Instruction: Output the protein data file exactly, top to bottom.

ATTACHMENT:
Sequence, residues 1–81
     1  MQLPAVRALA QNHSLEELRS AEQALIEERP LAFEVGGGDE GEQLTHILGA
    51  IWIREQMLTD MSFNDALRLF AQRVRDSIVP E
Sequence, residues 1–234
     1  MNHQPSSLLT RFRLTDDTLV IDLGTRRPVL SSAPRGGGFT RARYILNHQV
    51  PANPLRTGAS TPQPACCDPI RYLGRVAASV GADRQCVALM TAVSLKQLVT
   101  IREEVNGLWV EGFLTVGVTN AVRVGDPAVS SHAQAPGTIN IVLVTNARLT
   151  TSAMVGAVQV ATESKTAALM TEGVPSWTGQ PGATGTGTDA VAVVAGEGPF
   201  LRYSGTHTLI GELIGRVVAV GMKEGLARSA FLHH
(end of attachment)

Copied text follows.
Sequence, residues 1–81
     1  MQLPAVRALA QNHSLEELRS AEQALIEERP LAFEVGGGDE GEQLTHILGA
    51  IWIREQMLTD MSFNDALRLF AQRVRDSIVP E
Sequence, residues 1–234
     1  MNHQPSSLLT RFRLTDDTLV IDLGTRRPVL SSAPRGGGFT RARYILNHQV
    51  PANPLRTGAS TPQPACCDPI RYLGRVAASV GADRQCVALM TAVSLKQLVT
   101  IREEVNGLWV EGFLTVGVTN AVRVGDPAVS SHAQAPGTIN IVLVTNARLT
   151  TSAMVGAVQV ATESKTAALM TEGVPSWTGQ PGATGTGTDA VAVVAGEGPF
   201  LRYSGTHTLI GELIGRVVAV GMKEGLARSA FLHH